INDIANAPOLIS (AP) -
A lack of diversity on Indiana universities’ boards of trustees could be
hindering the institutions’ abilities to adapt to increasingly diverse
students and staffs, experts say.
Star review found that women hold barely a fifth of the seats on trustees
boards across the state, even though they outnumber men at most of the
state’s public universities.
Indiana isn’t alone
in its lack of diversity on the boards that make major decisions including
hiring presidents and controlling multimillion-dollar budgets. Nationally,
just 28 percent of public university trustees are women, according to a
five-year survey conducted in 2010 by the Association of Governing Boards of
Universities and Colleges. Less than a quarter are minorities.
“You can see things
have pretty much been stable or plateaued or stagnant, whatever word you
want to use, in terms of gender diversity since the survey in ‘97,” said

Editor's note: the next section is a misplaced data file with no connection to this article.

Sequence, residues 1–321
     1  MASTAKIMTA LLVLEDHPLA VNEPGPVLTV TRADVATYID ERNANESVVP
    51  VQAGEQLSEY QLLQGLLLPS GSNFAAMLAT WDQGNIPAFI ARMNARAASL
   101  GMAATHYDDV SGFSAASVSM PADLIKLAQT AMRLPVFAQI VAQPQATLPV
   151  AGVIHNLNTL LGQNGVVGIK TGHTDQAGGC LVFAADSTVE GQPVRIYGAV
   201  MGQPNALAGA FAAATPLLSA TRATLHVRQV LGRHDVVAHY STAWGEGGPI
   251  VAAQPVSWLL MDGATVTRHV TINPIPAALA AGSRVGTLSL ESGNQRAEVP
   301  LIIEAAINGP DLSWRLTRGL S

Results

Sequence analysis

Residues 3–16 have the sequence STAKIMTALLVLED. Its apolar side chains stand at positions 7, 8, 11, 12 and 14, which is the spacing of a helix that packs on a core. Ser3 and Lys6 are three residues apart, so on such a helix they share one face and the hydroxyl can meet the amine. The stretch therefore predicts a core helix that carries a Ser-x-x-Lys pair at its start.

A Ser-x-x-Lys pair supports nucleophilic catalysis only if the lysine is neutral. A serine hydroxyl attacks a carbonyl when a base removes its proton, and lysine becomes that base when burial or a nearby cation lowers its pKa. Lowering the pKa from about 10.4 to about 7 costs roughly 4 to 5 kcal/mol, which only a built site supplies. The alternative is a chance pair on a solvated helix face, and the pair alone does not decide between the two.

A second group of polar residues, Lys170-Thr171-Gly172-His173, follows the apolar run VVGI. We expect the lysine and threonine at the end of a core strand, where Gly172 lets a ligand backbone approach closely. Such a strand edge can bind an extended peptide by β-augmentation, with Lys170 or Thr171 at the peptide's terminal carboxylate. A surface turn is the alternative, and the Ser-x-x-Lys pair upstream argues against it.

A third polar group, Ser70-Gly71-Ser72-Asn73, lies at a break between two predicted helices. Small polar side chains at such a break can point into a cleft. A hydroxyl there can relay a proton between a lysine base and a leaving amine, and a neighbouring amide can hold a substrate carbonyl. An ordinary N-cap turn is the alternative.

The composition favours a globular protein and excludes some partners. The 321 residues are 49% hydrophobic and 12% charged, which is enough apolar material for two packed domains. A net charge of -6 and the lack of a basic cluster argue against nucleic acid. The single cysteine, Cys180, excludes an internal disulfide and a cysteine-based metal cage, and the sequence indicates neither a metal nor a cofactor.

Merrill Schwartz, the vice president of the Association of Governing Boards’
consulting arm who conducted the 2010 survey. “Things don’t change that
leaders say it’s OK that the governing boards don’t reflect the diversity of
students and staff because they aren’t tasked with representing them.
“It’s a matter of
what individuals you have on your board,” said Rick Hall, chairman of the
trustees at Ball State University. “We have strong individuals that are
sensitive to making sure that all members of the Ball State campus feel
welcome and their needs are addressed.”
Schwartz said good
intentions aren’t enough and that some important issues can be overlooked
when a board lacks diversity.
One example, she
said, is graduation rates, which are much lower for low-income and minority
students than for others. If no trustee comes from a low-income or minority
background, Schwartz said, critical viewpoints could be missed in solving
spokeswoman for Gov. Mike Pence, said diversity is a consideration, but not
the determining factor, when Pence appoints trustees.
Pence has appointed
15 men and eight women to university boards since taking office in 2012.
Denault said his priority is to find the person with the right skills and
That can mean
successful alumni, major donors, business leaders, attorneys or former
governors and universities should seek out as much diversity as possible,
looking not just at gender but at age, religion, race and sexual orientation
“Do I think it
makes a difference?” Schwartz asked. “I do.”